18/06/2020 Bangkok, Thailand
While increasingly unpredictable, and seasonal, climate-related disasters continue to cause massive hardships for farmers and their animals in Asia and the Pacific, the world’s most disaster-prone region, volcanic eruptions can cause catastrophe.
In particular, during the last two centuries, volcanic eruptions in rural areas of Indonesia and Philippines have resulted in the loss of tens of thousands of human lives, and untold numbers of farm animals. One eruption in the early 1800’s, that initially was reported to have killed 10,000 people, also resulted in the deaths of 80,000 others who perished due to starvation.
Today, The Food and Agriculture Organization of the United Nations (FAO) and World Animal Protection signed a Letter of Agreement (LoA) which commits cooperation on the project ‘Livestock emergency preparedness and response for areas at high risk of volcanic eruption’.
The project was launched last year by FAO and the United States Agency for International Development’s Office of US Foreign Disaster Assistance (USAID/OFDA) with the aim to mitigate the devastating impact of unpredictable volcanic eruptions especially on poor communities, most of whom rely on food and agriculture for a living. Today’s ‘virtual’ signing of the LoA sets work on course.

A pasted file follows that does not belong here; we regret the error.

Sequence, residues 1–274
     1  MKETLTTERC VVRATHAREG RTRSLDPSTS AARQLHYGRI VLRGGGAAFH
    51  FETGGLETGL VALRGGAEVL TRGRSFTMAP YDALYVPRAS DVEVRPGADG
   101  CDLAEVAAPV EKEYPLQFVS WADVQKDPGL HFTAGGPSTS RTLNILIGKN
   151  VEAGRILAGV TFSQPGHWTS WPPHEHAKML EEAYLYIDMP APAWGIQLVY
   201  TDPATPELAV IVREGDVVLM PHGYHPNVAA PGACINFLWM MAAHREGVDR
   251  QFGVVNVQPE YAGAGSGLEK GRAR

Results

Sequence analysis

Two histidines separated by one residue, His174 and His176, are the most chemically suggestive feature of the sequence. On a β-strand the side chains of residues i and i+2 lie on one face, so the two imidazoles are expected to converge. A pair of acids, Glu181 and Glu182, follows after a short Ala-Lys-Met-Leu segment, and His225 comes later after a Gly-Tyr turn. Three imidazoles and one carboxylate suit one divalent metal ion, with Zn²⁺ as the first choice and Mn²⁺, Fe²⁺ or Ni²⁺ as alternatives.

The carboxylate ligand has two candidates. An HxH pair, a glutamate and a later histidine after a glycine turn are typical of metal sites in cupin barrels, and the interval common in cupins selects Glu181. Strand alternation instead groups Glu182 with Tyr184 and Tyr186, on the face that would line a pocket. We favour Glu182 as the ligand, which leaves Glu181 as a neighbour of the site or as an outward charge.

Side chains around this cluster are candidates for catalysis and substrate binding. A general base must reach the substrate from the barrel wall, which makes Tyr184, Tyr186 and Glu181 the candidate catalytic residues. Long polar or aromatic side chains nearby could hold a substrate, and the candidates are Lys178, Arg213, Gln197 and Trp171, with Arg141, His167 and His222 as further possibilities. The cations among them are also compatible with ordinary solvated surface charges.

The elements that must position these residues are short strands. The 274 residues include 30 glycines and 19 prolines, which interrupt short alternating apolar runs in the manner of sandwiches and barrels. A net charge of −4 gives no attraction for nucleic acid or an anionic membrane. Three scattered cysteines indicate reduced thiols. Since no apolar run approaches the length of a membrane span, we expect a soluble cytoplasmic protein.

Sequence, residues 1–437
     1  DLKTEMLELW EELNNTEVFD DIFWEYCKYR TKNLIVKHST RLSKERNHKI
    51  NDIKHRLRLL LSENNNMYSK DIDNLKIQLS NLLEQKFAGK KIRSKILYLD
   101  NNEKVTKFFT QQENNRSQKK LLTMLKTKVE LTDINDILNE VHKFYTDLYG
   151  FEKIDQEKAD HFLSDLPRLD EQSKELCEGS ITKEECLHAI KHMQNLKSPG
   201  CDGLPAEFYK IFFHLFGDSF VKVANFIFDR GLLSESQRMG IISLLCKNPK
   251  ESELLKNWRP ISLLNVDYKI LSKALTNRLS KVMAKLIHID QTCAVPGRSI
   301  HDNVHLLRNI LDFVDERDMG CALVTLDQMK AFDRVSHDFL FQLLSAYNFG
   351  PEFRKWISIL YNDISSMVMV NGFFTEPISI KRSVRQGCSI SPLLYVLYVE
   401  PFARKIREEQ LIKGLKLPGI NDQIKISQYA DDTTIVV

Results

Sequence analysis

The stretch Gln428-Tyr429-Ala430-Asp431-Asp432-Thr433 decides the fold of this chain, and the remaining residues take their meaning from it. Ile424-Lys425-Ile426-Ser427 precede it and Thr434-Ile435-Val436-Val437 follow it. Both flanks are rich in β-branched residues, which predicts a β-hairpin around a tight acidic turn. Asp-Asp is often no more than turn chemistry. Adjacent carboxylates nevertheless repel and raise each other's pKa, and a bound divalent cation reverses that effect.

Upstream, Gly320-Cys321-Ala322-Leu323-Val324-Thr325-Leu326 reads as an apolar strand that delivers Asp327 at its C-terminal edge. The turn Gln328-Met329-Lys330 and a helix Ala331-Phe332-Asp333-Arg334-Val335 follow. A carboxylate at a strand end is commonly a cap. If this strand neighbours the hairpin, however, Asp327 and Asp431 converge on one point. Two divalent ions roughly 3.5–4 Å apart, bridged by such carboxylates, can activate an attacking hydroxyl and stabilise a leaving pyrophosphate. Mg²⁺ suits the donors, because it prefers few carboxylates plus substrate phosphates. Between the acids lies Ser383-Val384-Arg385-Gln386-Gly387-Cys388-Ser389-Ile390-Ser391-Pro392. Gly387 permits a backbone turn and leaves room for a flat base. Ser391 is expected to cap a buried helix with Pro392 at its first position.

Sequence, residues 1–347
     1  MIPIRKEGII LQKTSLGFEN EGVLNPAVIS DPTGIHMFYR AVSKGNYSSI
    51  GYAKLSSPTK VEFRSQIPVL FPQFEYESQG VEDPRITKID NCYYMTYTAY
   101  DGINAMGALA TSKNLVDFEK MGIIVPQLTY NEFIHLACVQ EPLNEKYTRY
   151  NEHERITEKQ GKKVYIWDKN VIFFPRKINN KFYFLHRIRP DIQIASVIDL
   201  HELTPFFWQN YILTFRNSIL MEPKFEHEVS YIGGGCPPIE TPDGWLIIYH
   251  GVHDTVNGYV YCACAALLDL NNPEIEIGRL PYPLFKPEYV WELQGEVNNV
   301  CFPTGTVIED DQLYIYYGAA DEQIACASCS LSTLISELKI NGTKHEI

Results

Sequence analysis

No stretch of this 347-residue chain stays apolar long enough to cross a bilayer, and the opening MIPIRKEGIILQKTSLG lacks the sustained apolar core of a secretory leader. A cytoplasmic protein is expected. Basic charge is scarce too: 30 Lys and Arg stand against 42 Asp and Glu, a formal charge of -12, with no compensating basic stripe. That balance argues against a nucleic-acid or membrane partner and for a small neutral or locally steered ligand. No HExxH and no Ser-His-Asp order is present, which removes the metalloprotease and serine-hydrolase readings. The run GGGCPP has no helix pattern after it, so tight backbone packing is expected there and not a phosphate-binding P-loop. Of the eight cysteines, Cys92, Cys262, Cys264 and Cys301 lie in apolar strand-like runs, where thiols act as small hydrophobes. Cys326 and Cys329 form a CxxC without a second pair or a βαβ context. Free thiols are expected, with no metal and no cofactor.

Protecting farmers and animals from the devastation of volcanic eruptions
“Since the emergence of Highly Pathogenic Avian Influenza (AI) FAO has increasingly been involved in the management not only of animal diseases and emergencies but also in addressing threats to livestock during natural disasters. It is a great opportunity to work with World Animal Protection which has a long-standing experience in moving the world in protecting animals especially during disaster situations caused by volcano eruptions.” said Katinka de Balogh, FAO Senior Animal Health and Production Officer.
The FAO-USAID/OFDA project will be implemented in Indonesia, Philippines and Vanuatu, some of the countries with the most active volcanoes in the world. From these case studies, a regional tool will be developed to assist all countries in planning how they may better prepare their rural communities to face such hazards.
Connected from Costa Rica, Gerardo Huertas, the Global Director of Animal In Disasters at World Animal Protection noted in his remarks “with nearly twenty volcano operations conducted in three continents we have been working with the UN and other global partners to recognize farm and working animals as vital part of the indicators the UN identified in the Sendai Framework for Disaster Risk Reduction. This LoA is the reflection in the field of all our efforts and we are proud to make it happen with our FAO colleagues.”
“This LoA provides for a new paradigm shift – a big step in moving forward and introducing new ways of working and delivering the required results across the next sixteen months of the project,” said FAO’s Andrew Sobey, a Liaison and Operations Officer
“In times of crises, partnerships are especially important and FAO is committed to bringing together the best expertise in the world to support member states in preparedness and protect lives and livelihoods that depend on food and agriculture.” added Allison Moore, FAO’s Senior Field Programme Officer.